that would also be helpful. The following general guidelines, gleaned from many of these sources,
will help your writing (and paper grades) if used.
a. Considerable debate still rages about the use of the first person ("I" or "we") in technical writing.
For now, do not use the first person. By the same token, do not use indirect statements like "this
author" or "these researchers." For example, when describing how tree diameters were taken, you
might write: "The diameters, at 4.5 ft above ground, of ten trees on each plot were measured to
the nearest 0.1 inch using a caliper."
b. All manuscripts should be typed double-spaced, with one-inch margins all around. Do not
hyphenate words or right-justify; an uneven margin is of little concern.
c. Do not use footnotes, and avoid the use of direct quotations. Direct quotations are reserved for
rare instances in technical writing when it is impossible to improve on the original wording, or
when the wording itself is the object of comment. Use the style for citations given in section 6
d. Make liberal use of headings and subheadings for major sections of the reports. These are
generally the product of a good working outline, and they help organize the reader's thinking.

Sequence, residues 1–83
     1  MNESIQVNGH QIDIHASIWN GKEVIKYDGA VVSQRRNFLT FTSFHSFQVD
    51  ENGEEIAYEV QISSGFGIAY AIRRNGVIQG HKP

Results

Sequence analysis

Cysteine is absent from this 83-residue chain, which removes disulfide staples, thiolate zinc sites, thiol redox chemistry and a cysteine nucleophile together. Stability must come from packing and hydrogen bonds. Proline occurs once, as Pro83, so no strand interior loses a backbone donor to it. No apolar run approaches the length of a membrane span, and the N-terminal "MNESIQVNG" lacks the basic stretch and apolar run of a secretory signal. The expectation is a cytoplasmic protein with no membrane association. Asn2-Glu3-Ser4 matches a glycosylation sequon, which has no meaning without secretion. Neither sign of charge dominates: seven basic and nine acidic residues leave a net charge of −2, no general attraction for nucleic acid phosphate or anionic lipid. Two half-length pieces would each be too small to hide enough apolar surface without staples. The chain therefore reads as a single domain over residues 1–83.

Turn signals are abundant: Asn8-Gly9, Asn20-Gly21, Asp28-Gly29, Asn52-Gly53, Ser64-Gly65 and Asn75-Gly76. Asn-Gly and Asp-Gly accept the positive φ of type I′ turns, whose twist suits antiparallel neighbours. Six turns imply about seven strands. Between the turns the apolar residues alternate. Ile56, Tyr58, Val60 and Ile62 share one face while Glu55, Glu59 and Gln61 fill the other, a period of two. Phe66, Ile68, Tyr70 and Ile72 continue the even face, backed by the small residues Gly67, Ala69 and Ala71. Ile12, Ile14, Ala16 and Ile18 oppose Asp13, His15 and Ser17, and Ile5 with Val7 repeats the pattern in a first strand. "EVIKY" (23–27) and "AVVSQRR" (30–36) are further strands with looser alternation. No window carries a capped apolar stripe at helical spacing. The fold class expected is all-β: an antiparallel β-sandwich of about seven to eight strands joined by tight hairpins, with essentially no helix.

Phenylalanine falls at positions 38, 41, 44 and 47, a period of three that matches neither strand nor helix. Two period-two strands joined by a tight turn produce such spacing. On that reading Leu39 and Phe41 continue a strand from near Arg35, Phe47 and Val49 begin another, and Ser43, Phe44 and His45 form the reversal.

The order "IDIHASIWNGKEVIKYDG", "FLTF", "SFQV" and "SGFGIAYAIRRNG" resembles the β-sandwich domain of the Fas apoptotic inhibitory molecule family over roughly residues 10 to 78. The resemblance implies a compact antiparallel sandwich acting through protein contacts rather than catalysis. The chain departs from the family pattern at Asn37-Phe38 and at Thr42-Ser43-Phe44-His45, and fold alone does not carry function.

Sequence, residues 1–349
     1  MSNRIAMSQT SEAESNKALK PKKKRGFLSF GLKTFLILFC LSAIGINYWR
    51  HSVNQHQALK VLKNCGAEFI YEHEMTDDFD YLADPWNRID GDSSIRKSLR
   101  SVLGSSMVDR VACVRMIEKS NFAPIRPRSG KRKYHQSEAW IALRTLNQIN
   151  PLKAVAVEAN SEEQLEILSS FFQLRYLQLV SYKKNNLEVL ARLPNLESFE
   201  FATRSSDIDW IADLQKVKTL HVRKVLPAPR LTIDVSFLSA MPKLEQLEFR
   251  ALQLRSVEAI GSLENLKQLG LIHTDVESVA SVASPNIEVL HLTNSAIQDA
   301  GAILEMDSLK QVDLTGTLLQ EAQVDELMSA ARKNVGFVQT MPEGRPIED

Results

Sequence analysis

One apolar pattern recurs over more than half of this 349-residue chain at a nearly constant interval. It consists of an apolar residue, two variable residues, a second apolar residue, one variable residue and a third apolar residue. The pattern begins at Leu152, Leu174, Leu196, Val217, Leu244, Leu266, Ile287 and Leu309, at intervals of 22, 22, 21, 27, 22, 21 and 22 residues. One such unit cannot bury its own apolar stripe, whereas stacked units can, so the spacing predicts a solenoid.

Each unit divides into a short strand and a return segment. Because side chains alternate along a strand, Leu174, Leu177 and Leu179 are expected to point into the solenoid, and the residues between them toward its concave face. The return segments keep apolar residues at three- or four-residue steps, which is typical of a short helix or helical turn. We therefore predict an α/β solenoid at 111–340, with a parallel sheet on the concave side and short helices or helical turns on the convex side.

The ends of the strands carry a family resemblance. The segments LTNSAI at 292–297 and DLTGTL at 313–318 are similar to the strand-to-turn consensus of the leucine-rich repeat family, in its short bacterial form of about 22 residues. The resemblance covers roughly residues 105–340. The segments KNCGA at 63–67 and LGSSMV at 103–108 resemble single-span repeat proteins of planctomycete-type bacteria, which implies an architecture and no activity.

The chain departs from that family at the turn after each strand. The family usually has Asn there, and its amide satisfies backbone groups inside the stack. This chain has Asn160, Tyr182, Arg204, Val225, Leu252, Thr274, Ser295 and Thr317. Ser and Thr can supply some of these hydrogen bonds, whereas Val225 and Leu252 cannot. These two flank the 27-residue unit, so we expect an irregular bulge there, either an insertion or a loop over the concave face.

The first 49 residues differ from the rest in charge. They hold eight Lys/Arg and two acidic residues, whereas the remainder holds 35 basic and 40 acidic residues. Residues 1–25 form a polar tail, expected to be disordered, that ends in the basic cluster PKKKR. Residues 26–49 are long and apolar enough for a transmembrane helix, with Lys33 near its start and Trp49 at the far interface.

e. Always use the past tense for the Methods and Materials section. You have already completed
the work by the time the paper was written.
f. Avoid the use of long or complex sentences with excessive use of commas and conjunctions
("and," "but," "or"). These sentences often obscure your meaning and reduce readability.
g. Do not use noninformative abbreviations like "etc." and phrases such as "and so on" or "and the
h. The first time a species is mentioned, give its common and Latin name and the author. Common
names suffice for subsequent citations.
i. Be affirmative in your writing. Do not hide behind noncommittal statements. For example, using
"the data could possibly suggest" implies that the data may actually show nothing; use "the data
show" instead.
j. Avoid the use of contractions (don't, can't) and possessives (fire's effect, slope's impact). By
convention, possessives are only used in conjunction with living organisms.
k. The rules for numbers are varied and complex, but need not be. In general, use Arabic numerals
for all numbers in a sentence if the numbers are 10 or above or include decimal points. However,
never start a sentence with an Arabic numeral. Round off numbers to their justifiably significant